Individuality is what distinguishes or separates one person from other persons. Individualism is reliance on the individual person or self, over social control, whether overt or covert. Paradoxically, individualism can emphasize the moral worth of every person, or the primacy of the individual in any conception of freedom, or putting one’s own moral worth above that of others.
A human being is a part of the whole called by us universe, a part limited in time and space. He experiences himself, his thoughts and feeling as something separated from the rest, a kind of optical delusion of his consciousness. This delusion is a kind of prison for us, restricting us to our personal desires and to affection for a few persons nearest to us. Our task must be to free ourselves from this prison by widening our circle of compassion to embrace all living creatures and the whole of nature in its beauty.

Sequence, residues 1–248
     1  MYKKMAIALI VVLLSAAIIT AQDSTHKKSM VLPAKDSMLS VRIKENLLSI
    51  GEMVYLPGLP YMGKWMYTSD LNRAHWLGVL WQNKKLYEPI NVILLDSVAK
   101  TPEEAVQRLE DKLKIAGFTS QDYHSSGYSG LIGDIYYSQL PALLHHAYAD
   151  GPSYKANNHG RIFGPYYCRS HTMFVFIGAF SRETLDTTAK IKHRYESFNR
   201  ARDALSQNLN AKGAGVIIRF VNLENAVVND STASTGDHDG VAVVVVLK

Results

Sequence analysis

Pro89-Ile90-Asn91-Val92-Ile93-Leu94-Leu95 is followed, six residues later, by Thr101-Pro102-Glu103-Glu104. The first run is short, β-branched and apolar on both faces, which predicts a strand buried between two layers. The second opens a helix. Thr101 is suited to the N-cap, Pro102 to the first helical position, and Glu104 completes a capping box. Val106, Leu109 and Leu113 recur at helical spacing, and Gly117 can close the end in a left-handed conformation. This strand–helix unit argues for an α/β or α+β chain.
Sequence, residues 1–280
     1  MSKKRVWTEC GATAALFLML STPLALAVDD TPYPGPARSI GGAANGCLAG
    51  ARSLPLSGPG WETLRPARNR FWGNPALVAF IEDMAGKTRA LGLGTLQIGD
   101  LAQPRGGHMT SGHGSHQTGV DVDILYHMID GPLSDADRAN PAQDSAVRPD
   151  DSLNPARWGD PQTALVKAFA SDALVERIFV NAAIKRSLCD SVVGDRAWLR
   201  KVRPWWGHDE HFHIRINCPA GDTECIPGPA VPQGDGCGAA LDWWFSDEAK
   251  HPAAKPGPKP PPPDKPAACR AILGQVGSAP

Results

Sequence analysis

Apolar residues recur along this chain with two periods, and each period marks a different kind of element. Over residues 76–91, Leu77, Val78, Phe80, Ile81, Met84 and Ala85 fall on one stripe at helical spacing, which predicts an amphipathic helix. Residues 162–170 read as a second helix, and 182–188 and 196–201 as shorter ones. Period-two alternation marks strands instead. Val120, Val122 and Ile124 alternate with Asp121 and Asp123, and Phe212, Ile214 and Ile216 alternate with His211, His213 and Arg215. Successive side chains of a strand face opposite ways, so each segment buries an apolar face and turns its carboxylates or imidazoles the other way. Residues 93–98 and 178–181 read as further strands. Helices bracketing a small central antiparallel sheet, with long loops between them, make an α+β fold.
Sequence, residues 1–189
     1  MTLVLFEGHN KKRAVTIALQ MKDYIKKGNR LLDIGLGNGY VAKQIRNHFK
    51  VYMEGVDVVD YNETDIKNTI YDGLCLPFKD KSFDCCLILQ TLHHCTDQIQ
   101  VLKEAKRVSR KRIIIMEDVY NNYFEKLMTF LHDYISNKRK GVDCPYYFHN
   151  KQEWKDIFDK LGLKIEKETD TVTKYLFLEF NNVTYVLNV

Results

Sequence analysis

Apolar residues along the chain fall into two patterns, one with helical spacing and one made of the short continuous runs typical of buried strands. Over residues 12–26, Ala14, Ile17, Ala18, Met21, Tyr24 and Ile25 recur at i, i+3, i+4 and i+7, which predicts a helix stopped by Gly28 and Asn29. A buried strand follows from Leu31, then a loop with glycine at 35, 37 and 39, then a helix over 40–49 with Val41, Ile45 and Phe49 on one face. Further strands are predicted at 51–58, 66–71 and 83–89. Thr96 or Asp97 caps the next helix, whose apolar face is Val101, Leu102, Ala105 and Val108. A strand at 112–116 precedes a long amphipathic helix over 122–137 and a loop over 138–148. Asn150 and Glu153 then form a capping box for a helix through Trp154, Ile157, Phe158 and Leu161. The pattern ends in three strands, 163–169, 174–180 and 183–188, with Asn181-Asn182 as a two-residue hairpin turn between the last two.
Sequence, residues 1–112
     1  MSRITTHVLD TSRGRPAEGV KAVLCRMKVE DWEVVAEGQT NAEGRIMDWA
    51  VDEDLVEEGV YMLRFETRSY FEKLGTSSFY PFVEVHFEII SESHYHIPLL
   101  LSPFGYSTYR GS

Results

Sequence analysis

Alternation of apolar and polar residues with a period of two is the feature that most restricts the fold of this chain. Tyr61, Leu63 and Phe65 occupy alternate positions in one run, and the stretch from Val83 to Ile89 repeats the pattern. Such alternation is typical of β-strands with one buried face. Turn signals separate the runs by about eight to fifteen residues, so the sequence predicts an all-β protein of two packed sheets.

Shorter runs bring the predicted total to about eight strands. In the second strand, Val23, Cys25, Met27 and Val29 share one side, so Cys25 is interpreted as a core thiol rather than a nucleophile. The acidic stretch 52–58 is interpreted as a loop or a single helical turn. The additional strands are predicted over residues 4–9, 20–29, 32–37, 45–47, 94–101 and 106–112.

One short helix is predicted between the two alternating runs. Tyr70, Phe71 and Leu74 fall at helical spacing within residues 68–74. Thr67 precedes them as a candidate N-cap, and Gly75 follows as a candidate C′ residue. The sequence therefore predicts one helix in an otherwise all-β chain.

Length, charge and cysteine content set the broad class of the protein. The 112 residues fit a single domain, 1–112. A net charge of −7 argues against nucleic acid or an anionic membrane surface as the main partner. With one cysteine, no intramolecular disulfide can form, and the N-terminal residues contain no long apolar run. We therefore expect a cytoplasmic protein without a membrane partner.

The crippling of individuals I consider the worst evil of capitalism. Our whole educational system suffers from this evil. An exaggerated competitive attitude is inculcated into the student, who is trained to worship acquisitive success as a preparation for his future career.
There is an endless net of threads throughout the universe…
At every crossing of the threads there is an individual.
And every individual is a crystal bead.
And every crystal bead reflects
Not only the light from every other crystal in the net
But also every other reflection
Throughout the entire universe.
The way a team plays as a whole determines its success. You may have the greatest bunch of individual stars in the world, but if they don’t play together, the club won’t be worth a dime.